Even a distribution center that's about as green as they come can get tripped up by environmental regulations.
That's what's happened to British retail giant Tesco, which has hit a snag in its plans to saturate the West Coast with its Fresh & Easy food markets. The company's energy-efficient, 820,000-square-foot distribution center in Riverside, Calif., is tangled up in a year-old environmental lawsuit brought against the March Joint Powers Authority, the agency that oversees the Meridian business park on the former March Air Force Base, where the DC is located.
Now, a judgment handed down by the Riverside County Superior Court says that the March Joint Powers Authority acted too quickly when it approved the Tesco project and shouldn't have exempted it from the California Environmental Quality Act, which would have required a lengthy environmental review. Environmental attorney Raymond Johnson, whose firm has brought similar lawsuits against distribution centers run by Wal-Mart and others, has said in published reports that he will ask the court to shut down Tesco's DC until the company has completed the environmental review process, which could take as long as a year.
However, Tesco spokesman Brendan Wonnacott said that scenario is unlikely. "There is nothing in the petitioner's papers that suggests a shutdown of the current operations would be required," Wonnacott said, noting that the challenge is actually against the March Joint Powers Authority and not Tesco. "Basically the judge ruled that the project needs to be brought into compliance with the California Environmental Quality Act, and we're working with March to clarify the scope and the timing."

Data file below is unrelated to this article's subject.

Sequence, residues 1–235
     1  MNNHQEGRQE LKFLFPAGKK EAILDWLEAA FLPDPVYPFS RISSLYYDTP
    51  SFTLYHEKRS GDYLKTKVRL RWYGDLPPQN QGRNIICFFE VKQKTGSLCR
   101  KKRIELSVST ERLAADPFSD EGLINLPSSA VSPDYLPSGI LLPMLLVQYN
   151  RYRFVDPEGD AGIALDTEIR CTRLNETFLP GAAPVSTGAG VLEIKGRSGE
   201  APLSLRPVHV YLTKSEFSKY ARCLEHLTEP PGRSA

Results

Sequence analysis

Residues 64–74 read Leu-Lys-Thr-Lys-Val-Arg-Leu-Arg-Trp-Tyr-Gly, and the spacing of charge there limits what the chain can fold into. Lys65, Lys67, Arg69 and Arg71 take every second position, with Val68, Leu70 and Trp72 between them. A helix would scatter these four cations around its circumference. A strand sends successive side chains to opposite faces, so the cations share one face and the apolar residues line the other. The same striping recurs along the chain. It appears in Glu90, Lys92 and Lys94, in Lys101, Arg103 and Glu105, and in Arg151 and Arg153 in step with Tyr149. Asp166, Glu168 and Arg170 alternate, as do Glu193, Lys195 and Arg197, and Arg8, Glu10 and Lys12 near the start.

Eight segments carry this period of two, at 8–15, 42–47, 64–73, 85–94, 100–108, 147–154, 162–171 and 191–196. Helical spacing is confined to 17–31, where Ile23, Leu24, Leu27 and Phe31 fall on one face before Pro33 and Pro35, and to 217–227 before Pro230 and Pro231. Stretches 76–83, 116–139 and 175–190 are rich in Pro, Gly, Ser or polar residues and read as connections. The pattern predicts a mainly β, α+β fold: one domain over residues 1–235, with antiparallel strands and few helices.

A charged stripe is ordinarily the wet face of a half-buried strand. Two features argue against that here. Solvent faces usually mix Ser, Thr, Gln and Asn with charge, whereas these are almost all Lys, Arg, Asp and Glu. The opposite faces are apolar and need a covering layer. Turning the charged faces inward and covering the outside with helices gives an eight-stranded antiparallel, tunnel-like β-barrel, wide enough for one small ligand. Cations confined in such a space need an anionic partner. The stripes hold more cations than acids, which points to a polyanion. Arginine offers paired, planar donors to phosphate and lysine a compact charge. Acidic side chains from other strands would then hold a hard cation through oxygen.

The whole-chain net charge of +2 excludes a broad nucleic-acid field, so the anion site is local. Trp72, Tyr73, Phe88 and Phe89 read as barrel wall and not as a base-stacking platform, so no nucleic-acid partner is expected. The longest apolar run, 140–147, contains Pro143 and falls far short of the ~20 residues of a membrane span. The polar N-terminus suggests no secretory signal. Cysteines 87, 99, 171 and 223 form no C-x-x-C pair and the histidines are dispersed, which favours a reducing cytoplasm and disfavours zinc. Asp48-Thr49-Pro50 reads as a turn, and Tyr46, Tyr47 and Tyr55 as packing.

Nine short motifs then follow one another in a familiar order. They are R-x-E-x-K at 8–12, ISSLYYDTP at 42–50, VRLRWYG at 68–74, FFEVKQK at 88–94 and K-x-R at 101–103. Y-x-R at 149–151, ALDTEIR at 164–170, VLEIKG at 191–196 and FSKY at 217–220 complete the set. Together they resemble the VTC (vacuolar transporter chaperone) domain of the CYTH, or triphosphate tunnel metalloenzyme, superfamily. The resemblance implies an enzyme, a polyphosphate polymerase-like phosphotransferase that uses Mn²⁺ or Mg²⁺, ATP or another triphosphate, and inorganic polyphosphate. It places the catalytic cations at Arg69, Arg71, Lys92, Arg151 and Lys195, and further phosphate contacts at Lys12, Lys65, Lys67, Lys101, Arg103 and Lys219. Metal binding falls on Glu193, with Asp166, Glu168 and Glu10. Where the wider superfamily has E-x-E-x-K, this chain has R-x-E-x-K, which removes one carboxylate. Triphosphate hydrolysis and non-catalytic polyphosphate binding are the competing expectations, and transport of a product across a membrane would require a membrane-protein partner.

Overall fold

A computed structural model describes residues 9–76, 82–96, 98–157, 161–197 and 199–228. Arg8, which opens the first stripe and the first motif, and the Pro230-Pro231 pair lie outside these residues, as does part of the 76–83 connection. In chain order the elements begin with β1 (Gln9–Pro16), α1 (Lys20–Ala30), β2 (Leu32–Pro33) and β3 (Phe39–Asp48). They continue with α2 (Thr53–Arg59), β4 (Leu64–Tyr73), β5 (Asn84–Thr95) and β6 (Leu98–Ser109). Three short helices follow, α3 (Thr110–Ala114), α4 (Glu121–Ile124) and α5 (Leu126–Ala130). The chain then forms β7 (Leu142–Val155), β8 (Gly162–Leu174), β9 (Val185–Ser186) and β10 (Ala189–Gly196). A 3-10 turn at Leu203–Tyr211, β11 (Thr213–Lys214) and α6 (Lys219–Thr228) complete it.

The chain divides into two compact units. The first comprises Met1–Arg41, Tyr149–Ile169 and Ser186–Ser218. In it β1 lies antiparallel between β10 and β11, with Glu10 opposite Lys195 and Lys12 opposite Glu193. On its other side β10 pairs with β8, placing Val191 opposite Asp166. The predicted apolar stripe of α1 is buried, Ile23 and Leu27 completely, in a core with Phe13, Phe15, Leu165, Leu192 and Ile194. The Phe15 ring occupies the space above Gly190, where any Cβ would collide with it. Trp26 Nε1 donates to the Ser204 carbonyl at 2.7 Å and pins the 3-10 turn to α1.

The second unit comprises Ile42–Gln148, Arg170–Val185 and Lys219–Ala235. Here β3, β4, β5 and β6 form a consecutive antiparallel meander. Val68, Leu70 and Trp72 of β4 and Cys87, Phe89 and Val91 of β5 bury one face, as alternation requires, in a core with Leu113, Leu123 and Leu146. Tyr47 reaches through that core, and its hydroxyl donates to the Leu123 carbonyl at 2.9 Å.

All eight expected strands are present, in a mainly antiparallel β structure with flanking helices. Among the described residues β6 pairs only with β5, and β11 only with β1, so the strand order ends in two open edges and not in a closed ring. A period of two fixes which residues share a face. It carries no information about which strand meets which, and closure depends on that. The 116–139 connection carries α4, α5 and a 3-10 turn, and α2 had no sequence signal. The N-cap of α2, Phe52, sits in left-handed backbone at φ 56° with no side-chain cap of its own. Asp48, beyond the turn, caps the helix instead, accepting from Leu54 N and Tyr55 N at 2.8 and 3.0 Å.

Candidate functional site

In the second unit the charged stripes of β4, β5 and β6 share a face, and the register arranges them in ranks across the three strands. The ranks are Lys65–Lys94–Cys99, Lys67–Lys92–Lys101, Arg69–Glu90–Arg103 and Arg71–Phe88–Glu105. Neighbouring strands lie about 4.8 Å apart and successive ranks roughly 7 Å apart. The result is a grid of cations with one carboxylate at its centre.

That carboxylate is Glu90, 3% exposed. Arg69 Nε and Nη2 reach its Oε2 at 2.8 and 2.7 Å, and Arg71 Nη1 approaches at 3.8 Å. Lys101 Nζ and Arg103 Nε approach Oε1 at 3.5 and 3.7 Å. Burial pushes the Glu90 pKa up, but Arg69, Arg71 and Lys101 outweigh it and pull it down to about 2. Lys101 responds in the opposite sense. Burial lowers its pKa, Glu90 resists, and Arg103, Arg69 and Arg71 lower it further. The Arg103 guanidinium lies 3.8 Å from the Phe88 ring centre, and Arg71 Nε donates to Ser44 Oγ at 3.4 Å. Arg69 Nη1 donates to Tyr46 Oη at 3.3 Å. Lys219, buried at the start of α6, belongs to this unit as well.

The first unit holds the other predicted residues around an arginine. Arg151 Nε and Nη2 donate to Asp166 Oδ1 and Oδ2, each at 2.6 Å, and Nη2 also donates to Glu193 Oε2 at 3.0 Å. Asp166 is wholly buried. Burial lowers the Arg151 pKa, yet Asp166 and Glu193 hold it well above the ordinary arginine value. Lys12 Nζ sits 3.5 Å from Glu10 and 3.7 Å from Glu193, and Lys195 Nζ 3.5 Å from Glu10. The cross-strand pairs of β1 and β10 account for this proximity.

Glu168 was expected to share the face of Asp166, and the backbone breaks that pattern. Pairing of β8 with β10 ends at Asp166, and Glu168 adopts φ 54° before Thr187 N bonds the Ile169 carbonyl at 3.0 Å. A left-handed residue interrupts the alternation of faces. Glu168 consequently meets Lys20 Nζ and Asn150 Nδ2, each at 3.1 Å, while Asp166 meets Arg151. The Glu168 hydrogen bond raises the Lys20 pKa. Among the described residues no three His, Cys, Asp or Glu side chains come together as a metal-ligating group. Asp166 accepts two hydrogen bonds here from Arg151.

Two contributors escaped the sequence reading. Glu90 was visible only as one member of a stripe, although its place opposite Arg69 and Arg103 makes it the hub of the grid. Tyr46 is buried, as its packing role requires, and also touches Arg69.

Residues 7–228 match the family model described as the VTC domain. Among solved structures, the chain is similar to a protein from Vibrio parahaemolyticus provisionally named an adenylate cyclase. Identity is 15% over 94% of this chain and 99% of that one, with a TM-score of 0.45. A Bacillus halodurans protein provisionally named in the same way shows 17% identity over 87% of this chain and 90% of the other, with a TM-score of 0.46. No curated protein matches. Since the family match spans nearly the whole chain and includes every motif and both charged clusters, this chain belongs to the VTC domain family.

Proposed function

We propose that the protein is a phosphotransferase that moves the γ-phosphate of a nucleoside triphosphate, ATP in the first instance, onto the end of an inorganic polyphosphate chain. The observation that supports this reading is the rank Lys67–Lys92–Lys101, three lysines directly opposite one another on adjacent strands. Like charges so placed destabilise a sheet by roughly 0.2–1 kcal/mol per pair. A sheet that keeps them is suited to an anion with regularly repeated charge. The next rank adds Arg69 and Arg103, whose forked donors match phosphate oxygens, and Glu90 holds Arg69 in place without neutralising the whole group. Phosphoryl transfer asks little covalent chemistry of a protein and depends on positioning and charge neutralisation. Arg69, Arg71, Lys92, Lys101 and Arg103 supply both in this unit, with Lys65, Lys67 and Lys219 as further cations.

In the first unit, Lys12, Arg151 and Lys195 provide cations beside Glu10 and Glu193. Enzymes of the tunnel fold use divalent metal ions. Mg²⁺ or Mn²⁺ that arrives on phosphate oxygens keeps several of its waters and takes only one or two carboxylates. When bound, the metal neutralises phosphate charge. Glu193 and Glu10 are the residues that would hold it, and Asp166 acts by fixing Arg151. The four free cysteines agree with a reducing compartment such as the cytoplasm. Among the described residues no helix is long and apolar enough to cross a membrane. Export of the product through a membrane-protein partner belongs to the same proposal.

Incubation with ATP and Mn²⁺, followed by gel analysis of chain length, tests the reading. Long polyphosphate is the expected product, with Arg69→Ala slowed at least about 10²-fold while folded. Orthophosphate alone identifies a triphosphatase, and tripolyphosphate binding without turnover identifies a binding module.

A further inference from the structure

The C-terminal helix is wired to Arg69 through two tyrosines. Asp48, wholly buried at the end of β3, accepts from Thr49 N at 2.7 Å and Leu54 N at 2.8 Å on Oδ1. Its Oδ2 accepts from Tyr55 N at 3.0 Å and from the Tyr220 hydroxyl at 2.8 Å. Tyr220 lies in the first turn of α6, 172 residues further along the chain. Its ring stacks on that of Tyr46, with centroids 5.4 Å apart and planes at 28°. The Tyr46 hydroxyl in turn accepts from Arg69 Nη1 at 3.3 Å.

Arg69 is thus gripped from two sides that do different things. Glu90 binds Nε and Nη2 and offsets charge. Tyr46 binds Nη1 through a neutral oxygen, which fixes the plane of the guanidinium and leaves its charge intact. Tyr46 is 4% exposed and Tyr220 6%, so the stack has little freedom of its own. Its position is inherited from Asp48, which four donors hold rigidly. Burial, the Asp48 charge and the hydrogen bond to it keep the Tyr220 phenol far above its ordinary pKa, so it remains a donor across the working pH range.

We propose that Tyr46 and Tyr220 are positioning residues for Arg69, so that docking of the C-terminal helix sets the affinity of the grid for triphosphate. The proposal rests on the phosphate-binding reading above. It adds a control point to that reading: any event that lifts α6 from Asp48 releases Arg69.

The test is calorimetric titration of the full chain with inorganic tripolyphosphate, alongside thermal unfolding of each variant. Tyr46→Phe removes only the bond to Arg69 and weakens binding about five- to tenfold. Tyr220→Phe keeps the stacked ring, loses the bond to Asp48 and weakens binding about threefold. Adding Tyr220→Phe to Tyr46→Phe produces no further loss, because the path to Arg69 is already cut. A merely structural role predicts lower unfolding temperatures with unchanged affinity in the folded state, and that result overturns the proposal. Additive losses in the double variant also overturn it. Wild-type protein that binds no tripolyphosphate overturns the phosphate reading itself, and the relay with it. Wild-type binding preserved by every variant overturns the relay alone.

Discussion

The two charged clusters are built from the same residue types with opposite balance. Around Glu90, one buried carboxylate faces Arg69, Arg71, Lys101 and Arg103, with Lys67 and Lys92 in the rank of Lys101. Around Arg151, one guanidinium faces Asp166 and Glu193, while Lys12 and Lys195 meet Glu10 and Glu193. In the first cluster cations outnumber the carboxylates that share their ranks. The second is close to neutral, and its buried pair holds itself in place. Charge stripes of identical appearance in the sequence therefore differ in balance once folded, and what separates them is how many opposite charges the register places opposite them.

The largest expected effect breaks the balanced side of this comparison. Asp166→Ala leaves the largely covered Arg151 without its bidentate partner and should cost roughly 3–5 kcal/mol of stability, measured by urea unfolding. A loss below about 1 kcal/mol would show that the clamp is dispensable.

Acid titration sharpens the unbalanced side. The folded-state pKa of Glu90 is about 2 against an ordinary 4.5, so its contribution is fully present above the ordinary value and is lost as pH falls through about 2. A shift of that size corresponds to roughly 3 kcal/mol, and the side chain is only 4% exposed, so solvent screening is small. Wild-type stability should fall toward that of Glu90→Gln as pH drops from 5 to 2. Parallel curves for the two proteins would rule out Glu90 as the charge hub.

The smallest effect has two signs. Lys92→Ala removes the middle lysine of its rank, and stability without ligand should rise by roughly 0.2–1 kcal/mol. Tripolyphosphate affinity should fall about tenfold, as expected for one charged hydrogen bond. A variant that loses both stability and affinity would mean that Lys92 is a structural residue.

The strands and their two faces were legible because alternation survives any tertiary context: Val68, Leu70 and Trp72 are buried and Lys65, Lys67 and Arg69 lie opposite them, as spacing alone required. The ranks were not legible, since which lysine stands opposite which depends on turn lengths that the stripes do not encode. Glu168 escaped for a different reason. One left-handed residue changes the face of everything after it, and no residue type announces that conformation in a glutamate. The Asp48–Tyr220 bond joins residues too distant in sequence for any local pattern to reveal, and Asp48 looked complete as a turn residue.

Approximately 120 people work at the DC, which supplies 24 stores in three states. A second building phase could expand the facility to just under 2 million square feet. At that point, the DC could employ about 1,400 workers and serve up to 250 stores. Altogether, the retailer plans to invest more than $2 billion to expand its business into the United States.
Ironically, Tesco brought its retail business to the United States touting an eco-friendly business model. Among the retailer's green initiatives is a $13 million solar roofing system at the Riverside DC, which is believed to be the world's largest rooftop solar panel installation.